Apple's basic new iPhone costs the company just more than $200 to make, according to a preliminary component report from analysis firm IHS iSuppli.
The materials in the 16GB model of the phone, the firm said, cost Apple $199 while manufacturing shakes out to about $8 per phone. The iPhone 5's materials come to a slightly higher total than the iPhone 4S. Andrew Rassweiler, IHS's senior principal analyst for teardown services, said that the lowest-end iPhone 4S had a bill of materials of $188.
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The 32 GB version costs Apple $209 to make, while the 64 GB is estimated to cost $230. With carrier subsidies, the iPhone 5 retails at $199, $299 and $399. While there's no unlocked version of the iPhone 5 for sale, carriers list the full prices of the device at $649.99, $749.99 and $849.99 without a contract.
The phone's costliest component, unsurprisingly, is its screen. The screen is almost always the most expensive part of a phone, and the new iPhone has a particularly sophisticated panel that integrates the touch sensor and the display panel. And, of course, the iPhone 5's display is a half-inch larger than the screen on the iPhone 4S. It costs Apple around $44 per phone.
Another part of the new iPhone that makes it more expensive for Apple to produce is the inclusion of LTE chips, which the firm said added $10 to the cost of the phone's cellular components.
In his analysis, Ressweiler said that the iPhone 5's LTE chips are meant to run on as many of the world's LTE networks as possible. That's no easy feat, since LTE networks across the globe -- even within the United States -- run LTE networks at different frequencies. That, for example, is why Apple's new iPad was flagged by British and Australian consumer protection agencies for advertising "4G" speeds when the device wasn't capable of running that quickly in those countries.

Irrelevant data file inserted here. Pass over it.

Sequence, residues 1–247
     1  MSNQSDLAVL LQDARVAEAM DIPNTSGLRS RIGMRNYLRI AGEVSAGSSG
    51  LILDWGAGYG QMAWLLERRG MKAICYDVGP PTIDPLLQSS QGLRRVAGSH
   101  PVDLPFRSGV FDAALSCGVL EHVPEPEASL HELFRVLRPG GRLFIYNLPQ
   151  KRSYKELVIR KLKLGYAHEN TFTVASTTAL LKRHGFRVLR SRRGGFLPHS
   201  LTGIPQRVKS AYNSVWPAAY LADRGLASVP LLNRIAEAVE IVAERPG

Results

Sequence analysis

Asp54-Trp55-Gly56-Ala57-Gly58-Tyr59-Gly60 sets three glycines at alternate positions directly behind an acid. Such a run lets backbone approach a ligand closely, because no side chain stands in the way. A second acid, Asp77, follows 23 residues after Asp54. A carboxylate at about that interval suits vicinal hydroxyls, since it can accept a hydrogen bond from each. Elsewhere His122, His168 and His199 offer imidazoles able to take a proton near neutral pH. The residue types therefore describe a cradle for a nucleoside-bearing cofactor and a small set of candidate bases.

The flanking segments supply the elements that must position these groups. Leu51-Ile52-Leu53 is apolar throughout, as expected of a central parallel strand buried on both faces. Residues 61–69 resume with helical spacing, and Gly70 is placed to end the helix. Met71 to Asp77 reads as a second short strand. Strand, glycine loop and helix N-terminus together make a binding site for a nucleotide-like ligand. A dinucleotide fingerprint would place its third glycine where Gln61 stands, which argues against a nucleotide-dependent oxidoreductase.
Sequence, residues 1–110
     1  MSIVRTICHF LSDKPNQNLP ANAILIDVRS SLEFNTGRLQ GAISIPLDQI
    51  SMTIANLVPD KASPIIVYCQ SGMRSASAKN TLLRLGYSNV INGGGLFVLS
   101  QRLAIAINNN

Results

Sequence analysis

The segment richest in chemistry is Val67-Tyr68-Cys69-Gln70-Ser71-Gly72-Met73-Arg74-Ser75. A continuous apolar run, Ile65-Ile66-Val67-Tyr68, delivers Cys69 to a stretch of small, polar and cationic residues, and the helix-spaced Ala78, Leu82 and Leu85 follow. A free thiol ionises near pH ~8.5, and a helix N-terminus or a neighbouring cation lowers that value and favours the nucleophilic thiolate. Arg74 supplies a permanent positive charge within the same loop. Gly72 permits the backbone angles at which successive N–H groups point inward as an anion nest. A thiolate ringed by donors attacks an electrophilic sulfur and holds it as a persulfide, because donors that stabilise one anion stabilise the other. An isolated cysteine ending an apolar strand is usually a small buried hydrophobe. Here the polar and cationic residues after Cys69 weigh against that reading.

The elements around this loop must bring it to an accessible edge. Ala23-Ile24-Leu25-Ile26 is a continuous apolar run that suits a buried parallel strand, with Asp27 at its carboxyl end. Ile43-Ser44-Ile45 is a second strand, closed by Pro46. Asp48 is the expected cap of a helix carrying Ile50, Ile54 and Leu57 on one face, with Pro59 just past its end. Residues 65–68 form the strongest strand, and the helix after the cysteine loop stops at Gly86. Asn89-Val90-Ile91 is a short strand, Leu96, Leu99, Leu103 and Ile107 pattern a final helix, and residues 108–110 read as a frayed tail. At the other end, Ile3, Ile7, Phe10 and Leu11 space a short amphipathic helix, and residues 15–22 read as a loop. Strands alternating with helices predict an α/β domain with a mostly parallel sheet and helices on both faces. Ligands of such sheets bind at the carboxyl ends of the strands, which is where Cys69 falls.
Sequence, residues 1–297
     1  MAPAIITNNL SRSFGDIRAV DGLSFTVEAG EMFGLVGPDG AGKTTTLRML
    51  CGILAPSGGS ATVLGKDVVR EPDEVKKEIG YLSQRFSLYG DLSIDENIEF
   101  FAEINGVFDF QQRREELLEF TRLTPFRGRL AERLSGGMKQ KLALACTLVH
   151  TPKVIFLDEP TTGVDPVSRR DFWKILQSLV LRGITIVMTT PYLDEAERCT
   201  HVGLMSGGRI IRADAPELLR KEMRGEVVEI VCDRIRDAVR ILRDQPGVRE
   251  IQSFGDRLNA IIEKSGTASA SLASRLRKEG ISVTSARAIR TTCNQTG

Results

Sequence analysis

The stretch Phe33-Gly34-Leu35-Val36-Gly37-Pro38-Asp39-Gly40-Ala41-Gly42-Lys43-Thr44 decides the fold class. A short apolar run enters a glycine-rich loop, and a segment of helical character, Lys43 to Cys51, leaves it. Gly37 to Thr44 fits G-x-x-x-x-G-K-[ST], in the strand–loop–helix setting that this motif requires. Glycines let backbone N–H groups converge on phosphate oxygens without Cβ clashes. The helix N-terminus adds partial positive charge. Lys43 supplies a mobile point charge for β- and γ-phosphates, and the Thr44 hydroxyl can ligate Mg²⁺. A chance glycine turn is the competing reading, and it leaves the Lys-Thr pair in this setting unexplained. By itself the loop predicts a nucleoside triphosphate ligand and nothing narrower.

Apple's A6 processor also costs a bit more to make than its A5 processor, but the company was able to dramatically decrease the price for NAND flash memory -- both because the price of the components are dropping and because the company buys the memory chips at such a scale.
The teardown fun continued at iFixit, a site that performs surgery on devices to try and show people how to fix their gadgets themselves. In a teardown of Apple's new earbuds, dubbed EarPods, the site found that the new EarPods are quite durable and have a cleaner design -- but, in the end, are pretty much like most headphones on the market.
A switch to a paper speaker cone instead of a plastic one, the site said, could be the explanation for the headphones' advertised improvement in the mid- and lower-ranges. It also highlighted that the remote casing is well-protected from the elements and that the cable is built to stand up to wear and tear.
Still, the site said, users shouldn't try tearing down their new EarPods at home.
"They will never be the same once taken apart," the site concluded.